Is the world seeing the emergence of yet another trade war? According to Malaysian Prime Minister Mahathir Mohamad, the boycott by Indian traders of one of his country's top exports amounts to just that.
But despite the unprecedented request by India's top vegetable oil trading body to its members to stop buying Malaysian palm oil, Mahathir on Tuesday stood by his recent comments on the disputed region of Indian-administered Kashmir.
Mahathir said he would not retract his criticism of New Delhi's decision to revoke Kashmir's autonomy.
"We speak our minds, and we don't retract or change," Mahathir told reporters outside parliament on Tuesday. "What we are saying is we should all abide by resolutions of the [United Nations]. Otherwise, what is the use of the UN?"
On August 5, India imposed restrictions on people's movements and communications in Kashmir to quell unrest there, calling it an internal matter and criticising countries that have spoken out against the move.
Mahathir said last month at the United Nations that India had "invaded and occupied" Jammu and Kashmir and asked New Delhi to work with Pakistan to resolve the issue.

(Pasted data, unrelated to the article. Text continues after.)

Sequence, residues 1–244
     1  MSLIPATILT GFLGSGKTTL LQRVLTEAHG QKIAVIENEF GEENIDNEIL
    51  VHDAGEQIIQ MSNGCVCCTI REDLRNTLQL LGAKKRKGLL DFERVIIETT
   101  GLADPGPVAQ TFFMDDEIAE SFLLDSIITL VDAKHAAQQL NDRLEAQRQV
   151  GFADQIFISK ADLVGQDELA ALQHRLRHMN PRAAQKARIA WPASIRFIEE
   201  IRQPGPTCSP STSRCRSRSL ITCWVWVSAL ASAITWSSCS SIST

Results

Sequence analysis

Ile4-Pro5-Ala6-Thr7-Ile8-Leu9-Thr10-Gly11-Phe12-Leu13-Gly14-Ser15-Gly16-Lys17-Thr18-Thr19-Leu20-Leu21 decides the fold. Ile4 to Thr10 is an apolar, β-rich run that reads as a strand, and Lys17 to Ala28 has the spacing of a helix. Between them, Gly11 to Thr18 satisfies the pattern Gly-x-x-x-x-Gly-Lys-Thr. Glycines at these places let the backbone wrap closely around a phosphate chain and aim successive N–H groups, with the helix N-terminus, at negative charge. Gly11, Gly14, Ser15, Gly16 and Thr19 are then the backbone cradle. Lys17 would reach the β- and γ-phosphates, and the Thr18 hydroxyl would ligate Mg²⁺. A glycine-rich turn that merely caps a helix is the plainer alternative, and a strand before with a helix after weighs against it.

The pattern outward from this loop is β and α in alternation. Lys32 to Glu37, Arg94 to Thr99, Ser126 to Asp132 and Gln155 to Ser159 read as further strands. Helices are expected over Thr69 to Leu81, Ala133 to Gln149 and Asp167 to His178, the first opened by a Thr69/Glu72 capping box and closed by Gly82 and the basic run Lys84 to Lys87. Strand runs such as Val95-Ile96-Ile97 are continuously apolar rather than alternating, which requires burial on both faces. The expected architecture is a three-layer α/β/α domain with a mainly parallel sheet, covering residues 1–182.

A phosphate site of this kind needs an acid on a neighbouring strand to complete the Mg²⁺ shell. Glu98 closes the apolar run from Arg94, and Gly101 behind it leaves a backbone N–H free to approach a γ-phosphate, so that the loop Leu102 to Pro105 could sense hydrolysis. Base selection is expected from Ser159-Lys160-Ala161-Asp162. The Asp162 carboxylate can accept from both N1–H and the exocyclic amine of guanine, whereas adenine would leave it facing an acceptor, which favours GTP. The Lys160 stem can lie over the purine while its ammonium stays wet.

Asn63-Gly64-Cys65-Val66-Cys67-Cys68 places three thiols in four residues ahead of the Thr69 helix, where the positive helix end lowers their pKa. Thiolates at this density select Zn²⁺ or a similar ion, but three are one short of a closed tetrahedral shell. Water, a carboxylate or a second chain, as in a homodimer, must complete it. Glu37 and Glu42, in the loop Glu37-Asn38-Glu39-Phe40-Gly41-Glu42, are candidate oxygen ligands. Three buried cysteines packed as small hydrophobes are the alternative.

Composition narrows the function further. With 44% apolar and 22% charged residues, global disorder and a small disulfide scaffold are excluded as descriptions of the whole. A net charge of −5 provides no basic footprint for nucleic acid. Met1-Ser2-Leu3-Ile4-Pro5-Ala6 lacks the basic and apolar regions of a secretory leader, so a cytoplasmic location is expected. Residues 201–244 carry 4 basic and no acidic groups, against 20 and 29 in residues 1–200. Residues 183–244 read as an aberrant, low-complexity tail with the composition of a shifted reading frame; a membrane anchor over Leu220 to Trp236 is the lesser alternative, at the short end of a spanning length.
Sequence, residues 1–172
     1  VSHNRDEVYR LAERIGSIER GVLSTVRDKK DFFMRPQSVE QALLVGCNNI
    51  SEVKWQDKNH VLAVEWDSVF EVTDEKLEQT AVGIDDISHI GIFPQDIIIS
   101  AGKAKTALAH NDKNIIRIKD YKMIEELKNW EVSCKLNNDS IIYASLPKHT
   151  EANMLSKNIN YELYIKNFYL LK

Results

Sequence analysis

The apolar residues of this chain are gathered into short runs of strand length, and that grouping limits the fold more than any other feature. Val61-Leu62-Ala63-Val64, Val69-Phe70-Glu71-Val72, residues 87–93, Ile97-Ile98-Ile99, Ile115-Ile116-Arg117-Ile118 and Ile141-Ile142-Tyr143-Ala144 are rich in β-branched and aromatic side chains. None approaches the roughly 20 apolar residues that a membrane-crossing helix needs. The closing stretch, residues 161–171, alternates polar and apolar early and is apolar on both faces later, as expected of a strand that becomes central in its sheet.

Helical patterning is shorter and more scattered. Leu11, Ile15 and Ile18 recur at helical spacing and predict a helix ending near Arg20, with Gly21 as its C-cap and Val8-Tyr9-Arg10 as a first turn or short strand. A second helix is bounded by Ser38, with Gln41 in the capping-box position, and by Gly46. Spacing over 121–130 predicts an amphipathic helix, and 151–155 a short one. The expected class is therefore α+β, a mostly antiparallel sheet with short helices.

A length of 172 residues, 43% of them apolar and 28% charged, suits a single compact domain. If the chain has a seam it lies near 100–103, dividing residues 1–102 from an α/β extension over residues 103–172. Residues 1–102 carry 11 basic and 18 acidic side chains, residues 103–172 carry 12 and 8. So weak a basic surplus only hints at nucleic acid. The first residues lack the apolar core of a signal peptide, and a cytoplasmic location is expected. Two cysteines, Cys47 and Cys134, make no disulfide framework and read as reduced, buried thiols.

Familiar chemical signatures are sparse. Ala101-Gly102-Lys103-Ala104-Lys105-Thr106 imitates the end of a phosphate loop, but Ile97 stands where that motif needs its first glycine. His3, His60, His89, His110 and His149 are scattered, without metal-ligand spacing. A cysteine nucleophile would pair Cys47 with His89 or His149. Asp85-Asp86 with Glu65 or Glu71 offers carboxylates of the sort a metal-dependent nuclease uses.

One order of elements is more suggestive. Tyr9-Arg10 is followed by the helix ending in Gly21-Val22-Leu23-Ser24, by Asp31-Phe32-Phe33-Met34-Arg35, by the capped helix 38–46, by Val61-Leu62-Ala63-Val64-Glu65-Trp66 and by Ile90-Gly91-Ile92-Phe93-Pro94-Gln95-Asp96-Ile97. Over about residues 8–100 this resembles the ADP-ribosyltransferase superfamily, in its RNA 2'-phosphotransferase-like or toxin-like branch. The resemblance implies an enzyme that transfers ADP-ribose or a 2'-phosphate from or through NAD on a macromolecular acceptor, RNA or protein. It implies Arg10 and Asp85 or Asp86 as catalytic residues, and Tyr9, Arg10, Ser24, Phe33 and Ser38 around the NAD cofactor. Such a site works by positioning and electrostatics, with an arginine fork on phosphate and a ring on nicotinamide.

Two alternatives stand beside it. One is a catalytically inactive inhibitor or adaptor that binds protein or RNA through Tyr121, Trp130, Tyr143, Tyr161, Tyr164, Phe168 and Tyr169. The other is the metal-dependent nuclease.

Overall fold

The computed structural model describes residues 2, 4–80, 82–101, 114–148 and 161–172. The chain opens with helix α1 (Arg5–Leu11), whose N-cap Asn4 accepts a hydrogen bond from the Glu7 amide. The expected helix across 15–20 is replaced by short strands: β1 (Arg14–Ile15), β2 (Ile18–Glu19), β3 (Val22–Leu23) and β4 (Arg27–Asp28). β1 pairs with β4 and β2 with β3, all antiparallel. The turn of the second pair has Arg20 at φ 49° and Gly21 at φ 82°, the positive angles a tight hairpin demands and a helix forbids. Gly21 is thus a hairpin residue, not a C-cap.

The UN Security Council adopted several resolutions in 1948 and in the 1950s on the dispute between India and Pakistan over Kashmir, including one which says a plebiscite should be held to determine the future of the region.
Pakistan and India both control parts of Kashmir, but each lays claim to the entire region since the countries gained independence from Britain in 1947.
India and Pakistan have fought two of their three wars over the region.
The latest impasse could exacerbate what Mahathir described as a trade war between the world's second-biggest producer and exporter of palm oil and its biggest buyer so far this year.
Mahathir said Malaysia would study the impact of the boycott called by the Mumbai-based Solvent Extractors’ Association of India and look at ways to address the issue.
New Delhi has so far refused to comment on the trade dispute with Malaysia.
'Trade is a two-way thing'
"This is not the Indian government, so we have to find out how we can communicate with these people, because trade is a two-way thing and it is bad to have what amounts to a trade war," Mahathir said.
Malaysian palm oil futures slipped on Tuesday over concerns that demand from India would fall.
India was Malaysia's third-largest export destination in 2018 for palm oil and palm-based products worth 6.84 billion Malaysian ringgit ($1.63bn).
Malaysia's total exports to India were worth $10.8bn in the fiscal year that ended on March 31, while imports totalled $6.4bn, according to Indian government data.
Malaysia said last week it was considering raising imports of raw sugar and buffalo meat from India, in a bid to ease the trade tensions.
India, the world's biggest importer of edible oils, also buys palm oil from Indonesia as well as soybean oil from Argentina and Brazil, and sunflower oil from Ukraine.
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